As vaccines are being rolled out to end the COVID-19 pandemic, several questions have been raised. One of them being if taking multiple vaccines could increase immunity against COVID-19.
As the wrath of COVID-19 rages on, several people have been asking for a vaccine to put an end to the Coronavirus for once and for all. As several vaccines have been approved for authorisations such as Pfizer and Moderna for administering vaccines to the masses, Many people are concerned about the vaccine’s effectiveness.
But no one wants to be in the grasp of a pandemic for another year right? With another new and highly contagious COVID-19 strain wreaking havoc in the UK and now other parts of the world, no one wants to imagine 2021 in lockdowns and isolation again. So several questions have popped up about vaccines and their effectiveness against the COVID-19 virus in the long term.
One of those questions is, can I take two different types of COVID-19 vaccines to protect myself even more? Although this question may seem redundant, it isn’t according to scientists but rather, it’s one of the most important questions to begin conservation about vaccines, as many more are expected to roll out in 2021.
Scientists respond as to why having two different vaccines can protect you more than having only one type of vaccine.
As more than 200 vaccines are being developed around the world globally, there are vaccines which target different parts of the virus, from the spike protein, protein coats to the m-RNA vaccines, all have only two motives, to put an end to the pandemic and build a robust immunity against the virus. So, should I take two different vaccines to protect myself even better from the virus?
According to Florian Krammer, professor of vaccinology at the Icahn School of Medicine at Mount Sinai in New York City: “This isn’t a ridiculous question at all. We do this all the time in research. We use different vaccine platforms because, sometimes, we get interesting results.”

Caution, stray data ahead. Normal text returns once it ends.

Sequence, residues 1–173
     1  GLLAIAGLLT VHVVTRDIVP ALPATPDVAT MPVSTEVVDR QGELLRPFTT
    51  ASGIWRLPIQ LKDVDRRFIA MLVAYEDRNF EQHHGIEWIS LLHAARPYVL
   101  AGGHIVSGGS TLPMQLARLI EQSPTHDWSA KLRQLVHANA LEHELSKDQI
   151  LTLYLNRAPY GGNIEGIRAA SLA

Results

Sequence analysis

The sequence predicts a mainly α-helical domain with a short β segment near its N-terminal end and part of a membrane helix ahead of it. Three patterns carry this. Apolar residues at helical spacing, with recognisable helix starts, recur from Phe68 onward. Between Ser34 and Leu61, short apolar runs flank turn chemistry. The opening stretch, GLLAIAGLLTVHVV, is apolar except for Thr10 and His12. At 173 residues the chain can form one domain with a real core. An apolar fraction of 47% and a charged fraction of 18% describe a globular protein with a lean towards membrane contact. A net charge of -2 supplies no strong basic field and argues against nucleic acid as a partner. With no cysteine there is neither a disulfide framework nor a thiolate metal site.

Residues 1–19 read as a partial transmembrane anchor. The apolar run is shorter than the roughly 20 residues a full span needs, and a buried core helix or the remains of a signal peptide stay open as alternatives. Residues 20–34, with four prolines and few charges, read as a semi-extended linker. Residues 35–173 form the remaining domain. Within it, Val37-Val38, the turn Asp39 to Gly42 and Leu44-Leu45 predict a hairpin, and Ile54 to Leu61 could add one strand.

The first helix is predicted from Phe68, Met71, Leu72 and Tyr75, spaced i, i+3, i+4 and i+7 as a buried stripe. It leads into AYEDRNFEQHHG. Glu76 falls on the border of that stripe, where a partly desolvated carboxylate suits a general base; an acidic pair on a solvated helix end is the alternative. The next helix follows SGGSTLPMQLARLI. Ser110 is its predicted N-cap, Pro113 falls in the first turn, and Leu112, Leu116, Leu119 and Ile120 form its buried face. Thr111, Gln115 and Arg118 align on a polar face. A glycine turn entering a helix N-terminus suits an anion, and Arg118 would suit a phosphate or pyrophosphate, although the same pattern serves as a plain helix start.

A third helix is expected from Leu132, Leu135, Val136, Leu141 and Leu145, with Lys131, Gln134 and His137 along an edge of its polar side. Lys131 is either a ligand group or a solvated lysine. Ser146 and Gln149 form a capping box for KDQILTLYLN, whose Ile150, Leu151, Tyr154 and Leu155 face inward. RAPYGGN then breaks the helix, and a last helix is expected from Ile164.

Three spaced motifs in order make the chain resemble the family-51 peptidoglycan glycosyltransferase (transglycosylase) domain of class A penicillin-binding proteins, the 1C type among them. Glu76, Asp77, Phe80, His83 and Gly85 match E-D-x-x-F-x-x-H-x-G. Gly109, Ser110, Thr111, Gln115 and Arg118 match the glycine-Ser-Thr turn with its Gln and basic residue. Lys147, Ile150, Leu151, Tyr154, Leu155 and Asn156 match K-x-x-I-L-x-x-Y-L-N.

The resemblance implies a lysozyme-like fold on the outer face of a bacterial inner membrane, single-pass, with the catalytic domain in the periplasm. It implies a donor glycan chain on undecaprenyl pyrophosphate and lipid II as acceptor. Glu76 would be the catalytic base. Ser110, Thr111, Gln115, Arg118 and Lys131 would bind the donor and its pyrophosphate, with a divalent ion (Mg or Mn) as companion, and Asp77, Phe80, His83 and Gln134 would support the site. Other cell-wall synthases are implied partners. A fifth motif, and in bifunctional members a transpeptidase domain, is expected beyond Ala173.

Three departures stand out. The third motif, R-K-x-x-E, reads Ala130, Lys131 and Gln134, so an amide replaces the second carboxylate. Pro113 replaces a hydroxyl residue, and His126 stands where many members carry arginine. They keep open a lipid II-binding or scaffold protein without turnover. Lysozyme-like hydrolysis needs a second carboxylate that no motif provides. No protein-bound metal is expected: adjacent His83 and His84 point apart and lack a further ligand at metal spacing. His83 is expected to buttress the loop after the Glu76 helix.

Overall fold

Before we go any further, let us discuss what do dual or multiple-dose vaccines mean. When you are inoculated with the first dose of a vaccine, your body has been introduced to fragments of the pathogens. That won’t make you ill, but your immunity will be activated to destroy those fragments.
However, to make sure your immunity still remembers the action response against the inactive fragments and the immunity against the pathogen isn’t wearing off, many vaccines have been backed up by booster doses like influenza. Booster shots are administered after a few months or years which will reinstall the immune response as well as strengthen the immunity even further.
Since your immunity has a memory, so when the actual pathogen attacks you, your body will remember the virus and they will end up destroying the virus without you being affected much.
Alessandro Sette, a professor at the Center for Infectious Disease and Vaccine Research at the La Jolla Institute for Immunology in California explains it even further: “In cases where you’d have a concern that the vaccine is losing efficacy, the most straightforward measure you would take would be to have a booster. Yet because you’ve already received the first shot, your body already has a head start. “A booster induces a recall response. You start from immune memory. That’s the beauty of it.”